Roman Von Ungern-Sternberg

Roman Von Ungern-Sternberg

Baron Roman Nikolai Maximilian von Ungern-Sternberg (Russian: Барон Ро́берт-Ни́колай-Максими́лиан Рома́н Фёдорович фон У́нгерн-Ште́рнберг) (December 29, 1885 NS – September 15, 1921) was a Lieutenant General in the Russian Civil War in Mongolia between 1918 and 1921. In February and March 1921 his troops wrested control of Mongolia from the occupying Chinese forces. His subsequent invasion of Southern Siberia to support anti-Bolshevik rebellions in June 1921 ultimately led to his defeat at the hands of the Red Army in August of that year. Although his surname was von Ungern-Sternberg, it is often incorrectly written as Ungern von Sternberg, after the first Soviet publications about him.

Ungern-Sternberg was an independent warlord in pursuit of pan-monarchist goals. These included restoring the Russian monarchy under Michael Alexandrovich Romanov and reviving the Great Mongol Empire under the rule of the Bogd Khan. Ungern-Sternberg fiercely combated those he viewed as his opponents, particularly Russian Bolsheviks. Following the collapse of his Asiatic Cavalry Division, Ungern-Sternberg's Russian officers abandoned him, and he was taken prisoner by the Red Army. He was tried and executed for his counter-revolutionary involvement in Novonikolaevsk in 1921. His eccentric orientalism and later conversion to Buddhism led to his reputation as the "Mad Baron" of Mongolia.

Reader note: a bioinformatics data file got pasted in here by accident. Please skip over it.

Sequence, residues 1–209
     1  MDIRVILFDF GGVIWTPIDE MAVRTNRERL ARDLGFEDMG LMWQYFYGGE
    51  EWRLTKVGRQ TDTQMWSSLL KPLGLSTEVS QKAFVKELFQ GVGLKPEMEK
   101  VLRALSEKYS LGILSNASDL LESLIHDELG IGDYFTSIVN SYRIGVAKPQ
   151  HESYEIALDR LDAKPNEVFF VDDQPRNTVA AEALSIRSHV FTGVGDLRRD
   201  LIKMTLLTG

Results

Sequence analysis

Read more about Roman Von Ungern-Sternberg:  Biography, Ungern-Sternberg in Fiction

Other related articles:

Roman Von Ungern-Sternberg - Ungern-Sternberg in Fiction
... Ungern-Sternberg is the model for the central villain, "Baron Ugenberg," in the alternate history game Iron Storm, in which he rules a Pan Russo-Mongolian Empire ... Ungern-Sternberg appears in Hugo Pratt's graphic novel Corto Maltese in Siberia (Italian Corte sconta detta Arcana), part of the famed comics series Corto ... Ungern-Sternberg plays a significant role in Daniel Easterman's 1998 novel The Ninth Buddha ...

Famous quotes containing the words roman and/or von:

    We do not preach great things but we live them.
    Marcus Minucius Felix (late 2nd or early 3rd ce, Roman Christian apologist. Octavius, 38. 6, trans. by G.H. Rendell.

    Master and Doctor are my titles;
    For ten years now, without repose,
    I’ve held my erudite recitals
    And led my pupils by the nose.
    —Johann Wolfgang Von Goethe (1749–1832)